collaboration between multiple generations to be desirable components for student life facilities. Depending on the culture of the specific institution, participants also noted synergies often were realized by combining advisor offices with student organization offices. A noteworthy cross-section of institutions commented they felt interaction between students and administrators was one of the best ways to help students further develop their interpersonal skills. Conversely, there were several institutions that noted they preferred that students not be in close proximity to advisors in an effort to encourage students to resolve disagreements on their own.

Provide adequate organization resource and storage components

Although paper usage may have diminished somewhat, it is unlikely that the use of paper will go away completely in the foreseeable future in any university office environment. Many institutions interviewed noted that even with the best efforts to reduce paper usage, storage and resource spaces will always be needed to some extent. Before resource and storage areas can be designed, institutions and organizations need to reach a consensus as to what the term "adequate storage" means to them. Several institutions noted that storage rooms were the first spaces to get renovated into offices, combined for conference rooms, or deleted entirely and used somehow as additional assignable square footage. More often than not, institutions said that they preferred larger storage rooms with banks of metal cabinets equipped with locks. That way, the rooms could be more easily renovated if they were eventually turned into space for some other purpose. Many institutions and users
assigned varying levels of importance to having storage facilities in close proximity to their student organization offices. But all survey participants agreed that adequate storage facilities were still critical to the suite’s success.

The notion of what is considered a resource also is changing. Previously, resource rooms could contain common printers, fax machines, high-capacity copiers, paints, large work tables, and general poster-making supplies. Today, many institutions have been able to decrease the assignable square footage of their resource rooms mainly because the layout area for poster making has decreased with technology. Today’s resource rooms contain graphic software and large-format color printers. Making the transition from paint and glue to electronic production methods of creating posters has also decreased the time required to maintain the spaces. Even if large-format printers are not available, many institutions that have a copy center within the college union can easily print large-format posters, thereby eliminating the need for students to interact with expensive printing equipment and reducing the downtime of equipment resources.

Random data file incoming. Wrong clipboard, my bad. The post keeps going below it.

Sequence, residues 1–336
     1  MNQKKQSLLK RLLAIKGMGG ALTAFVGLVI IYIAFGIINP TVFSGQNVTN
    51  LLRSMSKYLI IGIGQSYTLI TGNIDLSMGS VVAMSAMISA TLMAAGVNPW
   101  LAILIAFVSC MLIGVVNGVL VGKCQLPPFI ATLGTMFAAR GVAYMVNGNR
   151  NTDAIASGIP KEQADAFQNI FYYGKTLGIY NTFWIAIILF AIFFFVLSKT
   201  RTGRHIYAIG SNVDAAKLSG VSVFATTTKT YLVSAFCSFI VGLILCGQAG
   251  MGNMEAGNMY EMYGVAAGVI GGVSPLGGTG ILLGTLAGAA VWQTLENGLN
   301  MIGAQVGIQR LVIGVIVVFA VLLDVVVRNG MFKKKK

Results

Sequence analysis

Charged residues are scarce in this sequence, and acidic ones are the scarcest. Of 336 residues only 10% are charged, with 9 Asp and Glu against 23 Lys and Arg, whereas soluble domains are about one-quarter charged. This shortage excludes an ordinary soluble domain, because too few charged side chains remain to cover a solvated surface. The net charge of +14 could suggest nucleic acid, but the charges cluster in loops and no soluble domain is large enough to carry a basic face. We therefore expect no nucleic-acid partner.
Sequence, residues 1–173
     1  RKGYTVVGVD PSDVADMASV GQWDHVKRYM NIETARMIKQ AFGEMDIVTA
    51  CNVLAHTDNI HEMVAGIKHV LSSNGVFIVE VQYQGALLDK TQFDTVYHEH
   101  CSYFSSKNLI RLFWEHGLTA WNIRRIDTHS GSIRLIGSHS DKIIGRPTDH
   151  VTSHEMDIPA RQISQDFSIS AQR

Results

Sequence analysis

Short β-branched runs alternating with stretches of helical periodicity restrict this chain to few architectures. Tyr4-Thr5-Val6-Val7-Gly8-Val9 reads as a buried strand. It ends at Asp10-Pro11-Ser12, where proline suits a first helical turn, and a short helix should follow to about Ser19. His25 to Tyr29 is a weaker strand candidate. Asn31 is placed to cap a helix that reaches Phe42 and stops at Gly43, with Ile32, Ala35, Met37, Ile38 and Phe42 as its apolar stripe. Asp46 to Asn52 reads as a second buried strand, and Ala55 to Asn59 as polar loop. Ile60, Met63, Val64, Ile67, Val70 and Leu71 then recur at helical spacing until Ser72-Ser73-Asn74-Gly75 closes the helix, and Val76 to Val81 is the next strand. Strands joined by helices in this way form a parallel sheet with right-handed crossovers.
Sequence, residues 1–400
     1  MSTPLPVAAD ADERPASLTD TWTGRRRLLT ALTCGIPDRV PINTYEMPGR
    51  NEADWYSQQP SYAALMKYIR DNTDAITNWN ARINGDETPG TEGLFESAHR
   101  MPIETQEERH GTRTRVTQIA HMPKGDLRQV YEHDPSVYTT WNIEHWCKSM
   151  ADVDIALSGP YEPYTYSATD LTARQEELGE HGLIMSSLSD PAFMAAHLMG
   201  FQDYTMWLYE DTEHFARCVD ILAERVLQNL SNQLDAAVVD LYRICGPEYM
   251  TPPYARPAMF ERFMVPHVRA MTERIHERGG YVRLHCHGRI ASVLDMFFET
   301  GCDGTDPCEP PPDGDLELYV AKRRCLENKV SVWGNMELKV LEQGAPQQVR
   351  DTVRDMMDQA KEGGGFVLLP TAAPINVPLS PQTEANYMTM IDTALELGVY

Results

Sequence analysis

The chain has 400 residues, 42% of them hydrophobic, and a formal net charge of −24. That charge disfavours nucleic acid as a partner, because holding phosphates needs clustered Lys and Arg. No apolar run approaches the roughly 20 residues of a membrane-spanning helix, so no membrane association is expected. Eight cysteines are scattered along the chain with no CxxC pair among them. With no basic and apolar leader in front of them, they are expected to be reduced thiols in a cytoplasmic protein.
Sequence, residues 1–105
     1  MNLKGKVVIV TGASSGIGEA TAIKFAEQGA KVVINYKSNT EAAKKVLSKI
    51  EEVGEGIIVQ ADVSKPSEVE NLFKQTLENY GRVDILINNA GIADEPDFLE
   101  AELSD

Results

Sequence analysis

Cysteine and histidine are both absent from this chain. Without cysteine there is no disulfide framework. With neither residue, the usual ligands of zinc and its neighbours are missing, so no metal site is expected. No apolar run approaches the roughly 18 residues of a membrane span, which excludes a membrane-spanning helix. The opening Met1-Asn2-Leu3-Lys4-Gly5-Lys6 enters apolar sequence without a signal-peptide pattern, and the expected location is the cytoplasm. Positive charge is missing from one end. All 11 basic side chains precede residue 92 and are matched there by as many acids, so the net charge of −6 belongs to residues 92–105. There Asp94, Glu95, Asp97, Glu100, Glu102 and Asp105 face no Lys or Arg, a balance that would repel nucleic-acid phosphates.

Millennial mindset as a broader cultural trend

The issues previously discussed will not only have a profound influence on student organization suites and student life facilities, but also on future open office suite designs in the public sector. A notable demographic shift should begin to occur in 2010 when the oldest baby boomers (born in 1945) hit the United States’ legal retirement age of 65. As baby boomers retire, more Gen Xers will take roles in middle and upper management and millennials will take on positions in the lower half of the workforce. Interestingly, the values and expectations of this new generation are trending upward. That is, older generations are adopting the desires and wants of millennials (Sheahan, 2007). This is evidenced by the fact that none of the institutions interviewed that had higher percentages of nontraditional students noted any differences in attitudes from traditional students pertaining to trends in design of student organization suites. Although some institutions noted nontraditional students and students in a continuing education curriculum frequently had different needs than traditional students, those needs were often program related and could be accommodated in flexibly designed spaces.

Ultimately, we may be better off to think of millennials not as a group of individuals that share a common range of birth years, but rather as an emerging mindset. Consequently, future employers of millennials should consider how the changes occurring in student office suite designs today will affect business office spaces of tomorrow.

References

Howe, N., & Strauss, W. (2003). Millennials go to college. United States: American Association of Collegiate Registrars and Admissions Officers and LifeCourse Associates.

NAS. (2006). Generation Y: The millennials – Ready or not, here they come. Retrieved August 20, 2007, from http://www.nasrecruitment.com/TalentTips/NASinsights/GenerationY.pdf.

Raines, C. (2002). Managing millennials. Retrieved August 20, 2007 from http://www.generationsatwork.com/articles/millenials.htm.

Sheahan, P. (2007). Understanding Generation Y. Available from P.O. Box 845, Gladesville NSW 1675, Australia.

WTW Architects. (2007). Student organization suite design trends [Internal].